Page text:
(a)  Eurobonds;

(b)  Moving away from tax competition between Member States towards tax cooperation including a timetable for the introduction of a common consolidated tax base for corporate profits and a mechanism to ensure a minimum coordination of corporate tax rates on a similar basis to that which is currently in place for VAT;

(c)  Coordinated introduction of environmental taxes in order to shift the burden away from labour taxes towards unsustainable activities and products;

(d)  EU-wide financial transaction tax;

(e)  A progressive bank levy regarding the size of the institution and the level of uninsured short-term funding;

(f)   Introducing country-by-country reporting on corporate income and taxes paid thereon, as well as an automatic exchange of information;

(g)  Closing down tax havens, starting with those within the EU;

(h)  Special crisis taxes on windfall profits of energy corporations and other highly profitable firms;

(i)   Projects bonds whose creation has been postponed several times by the Commission;

8.   Urges the European Council in accordance with articles 121 and 136 to adopt a set of guidelines in order to develop coordinated and harmonised counter-cyclical fiscal policies as well as further EU solidarity mechanisms aiming at coping with internal imbalances, asymmetric shocks, increase convergence and improve resource allocation efficiency;

9.   Stresses that public as well as private indebtedness trigger problems as to the sustainability of our economic, social and ecological model; believes that both should be addressed in an appropriate manner given that a hasty and inappropriate tightening of public finances could stifle the recovery and the increase of employment rate;

10. Believes that preserving financial stability and tackling systemic risk in the EU requires a three step approach consisting of: (i) effective and reinforced supervision and regulation of all players, markets and instruments as well as a strong prevention framework aiming at internalizing negative externalities created by financial markets on the basis of the principle ‘polluter pays’; (ii) comprehensive early intervention mechanisms through a substantial reinforcement of control and intervention powers of European Supervisory Authorities and National supervisors; (iii) a single European framework for cross-border crisis resolution and debt restructuring based on a fair burden sharing mechanisms and requiring that stockholders and creditors contribute to the resolution burden before taxpayers;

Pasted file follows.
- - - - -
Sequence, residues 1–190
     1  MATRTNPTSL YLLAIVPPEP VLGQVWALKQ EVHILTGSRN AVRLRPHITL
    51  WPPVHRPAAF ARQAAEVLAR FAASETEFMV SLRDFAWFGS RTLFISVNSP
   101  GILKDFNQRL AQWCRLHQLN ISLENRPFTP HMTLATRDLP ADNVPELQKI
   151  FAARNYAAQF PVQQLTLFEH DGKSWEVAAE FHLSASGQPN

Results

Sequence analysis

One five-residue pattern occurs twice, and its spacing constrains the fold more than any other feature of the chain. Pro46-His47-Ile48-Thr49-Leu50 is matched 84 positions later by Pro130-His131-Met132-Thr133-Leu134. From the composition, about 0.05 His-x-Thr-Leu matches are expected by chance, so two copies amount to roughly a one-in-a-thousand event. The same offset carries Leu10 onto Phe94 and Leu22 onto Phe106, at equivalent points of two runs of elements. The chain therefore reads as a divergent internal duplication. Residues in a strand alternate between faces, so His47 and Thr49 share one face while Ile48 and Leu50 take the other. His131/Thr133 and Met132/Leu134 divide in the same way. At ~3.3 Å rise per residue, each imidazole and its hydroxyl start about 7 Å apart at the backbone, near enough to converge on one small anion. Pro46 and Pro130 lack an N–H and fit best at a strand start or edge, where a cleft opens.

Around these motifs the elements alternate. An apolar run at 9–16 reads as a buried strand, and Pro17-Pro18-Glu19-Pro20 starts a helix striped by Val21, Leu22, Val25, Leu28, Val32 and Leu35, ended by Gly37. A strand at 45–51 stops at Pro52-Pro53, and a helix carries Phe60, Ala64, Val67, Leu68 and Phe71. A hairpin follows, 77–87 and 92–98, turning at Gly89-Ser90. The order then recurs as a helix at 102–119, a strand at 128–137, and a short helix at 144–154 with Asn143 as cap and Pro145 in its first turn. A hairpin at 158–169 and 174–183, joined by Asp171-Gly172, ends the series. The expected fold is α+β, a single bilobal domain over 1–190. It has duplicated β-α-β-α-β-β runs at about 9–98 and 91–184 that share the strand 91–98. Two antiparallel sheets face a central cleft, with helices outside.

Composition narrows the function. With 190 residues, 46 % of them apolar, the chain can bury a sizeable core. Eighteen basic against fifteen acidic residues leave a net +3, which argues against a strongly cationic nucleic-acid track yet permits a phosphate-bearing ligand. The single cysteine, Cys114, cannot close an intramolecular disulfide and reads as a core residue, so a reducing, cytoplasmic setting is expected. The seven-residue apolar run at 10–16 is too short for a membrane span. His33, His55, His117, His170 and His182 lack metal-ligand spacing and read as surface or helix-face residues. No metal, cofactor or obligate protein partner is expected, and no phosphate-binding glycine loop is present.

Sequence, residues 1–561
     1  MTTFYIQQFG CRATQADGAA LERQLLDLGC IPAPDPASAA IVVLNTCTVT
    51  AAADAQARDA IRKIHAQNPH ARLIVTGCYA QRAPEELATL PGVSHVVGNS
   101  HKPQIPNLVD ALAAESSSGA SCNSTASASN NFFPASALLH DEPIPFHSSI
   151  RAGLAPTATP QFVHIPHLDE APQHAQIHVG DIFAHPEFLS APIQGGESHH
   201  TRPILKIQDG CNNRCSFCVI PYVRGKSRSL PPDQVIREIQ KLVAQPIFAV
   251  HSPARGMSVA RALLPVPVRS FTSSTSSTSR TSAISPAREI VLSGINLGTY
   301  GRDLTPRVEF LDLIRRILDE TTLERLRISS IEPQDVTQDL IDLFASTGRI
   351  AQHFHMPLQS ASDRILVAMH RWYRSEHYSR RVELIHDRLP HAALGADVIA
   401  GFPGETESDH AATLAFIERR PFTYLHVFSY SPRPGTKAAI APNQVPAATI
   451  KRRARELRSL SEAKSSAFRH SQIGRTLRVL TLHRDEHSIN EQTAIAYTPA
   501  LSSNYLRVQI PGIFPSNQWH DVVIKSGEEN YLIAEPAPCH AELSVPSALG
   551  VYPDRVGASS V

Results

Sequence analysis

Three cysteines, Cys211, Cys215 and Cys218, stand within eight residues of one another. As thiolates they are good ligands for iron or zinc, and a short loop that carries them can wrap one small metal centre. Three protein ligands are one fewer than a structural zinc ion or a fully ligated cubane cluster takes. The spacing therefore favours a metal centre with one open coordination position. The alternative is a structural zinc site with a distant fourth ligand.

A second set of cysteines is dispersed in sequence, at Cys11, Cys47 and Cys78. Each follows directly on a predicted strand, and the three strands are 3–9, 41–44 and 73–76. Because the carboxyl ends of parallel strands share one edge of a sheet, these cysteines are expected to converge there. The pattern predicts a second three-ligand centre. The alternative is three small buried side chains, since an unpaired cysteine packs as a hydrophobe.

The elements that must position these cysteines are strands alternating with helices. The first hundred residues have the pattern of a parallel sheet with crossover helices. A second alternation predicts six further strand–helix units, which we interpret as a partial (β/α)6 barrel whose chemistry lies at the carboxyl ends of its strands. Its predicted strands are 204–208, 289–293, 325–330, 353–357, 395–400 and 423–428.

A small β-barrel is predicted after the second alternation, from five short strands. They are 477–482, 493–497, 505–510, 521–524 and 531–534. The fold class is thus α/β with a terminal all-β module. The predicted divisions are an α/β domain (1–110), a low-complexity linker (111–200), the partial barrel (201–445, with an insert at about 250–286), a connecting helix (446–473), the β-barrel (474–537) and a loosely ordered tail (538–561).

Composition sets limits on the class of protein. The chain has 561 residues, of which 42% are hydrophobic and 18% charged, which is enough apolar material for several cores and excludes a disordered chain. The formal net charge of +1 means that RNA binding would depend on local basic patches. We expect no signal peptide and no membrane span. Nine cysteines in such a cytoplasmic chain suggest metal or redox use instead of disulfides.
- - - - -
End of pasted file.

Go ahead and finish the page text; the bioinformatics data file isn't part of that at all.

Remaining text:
11. Agrees with the Commission that ‘Member States with large current account surpluses should identify and tackle the sources of persistently weak domestic demand’; however, is disappointed that it envisions as drivers of domestic demand mainly the further liberalisation of the service sector and the improving conditions for investment since targeted social expenditures pay off in terms of multiplier on the global activity and jobs creation; in this respect, draws the attention on the role of social security as an automatic stabiliser and on services of general interest as an enabler of social inclusion; stresses the need of converging the social standards among its members;

12. Recalls that article 153.5 of the Treaty prohibits the EU to tackle the issue of wage moderation, including the revision of indexation clauses in bargaining systems;

13. Strongly disagrees with the statement that workers with permanent contracts are over-protected; recalls that since the peak of employment in Autumn 2008, 6.8 million full-time jobs have been cut while, at the same time, 1.1 million part-time jobs and 0.7 million self-employed jobs have been created; emphasises the creation of decent jobs especially through Green jobs;

14. Reiterates its call to achieve gender equality by setting a target of 75% female employment; urges Member States to set ambitious national employment targets for women in jobs that provide economic independence; calls on the Commission and Member States to improve women's access to the labour market through work-life reconciliation policies such as generous leave arrangements, flexible working hours, access to affordable quality childcare and care for other dependents; calls on Member States to take measures to reduce the gender pay gap to 0-5% in 2020, by combating labour market segregation by occupation and sector and by addressing precarious working conditions; calls on the Commission to revise existing legislation on equal pay and to initiate infringement procedures for non-compliant Member States;

15. Recalls that according to Article 9 introduced in the Lisbon Treaty the EU ‘in defining and implementing its policies and activities, (...) shall take into account requirements linked to the promotion of a high level of employment, the guarantee of adequate social protection, the fight against social exclusion, and a high level of education, training and protection of human health’;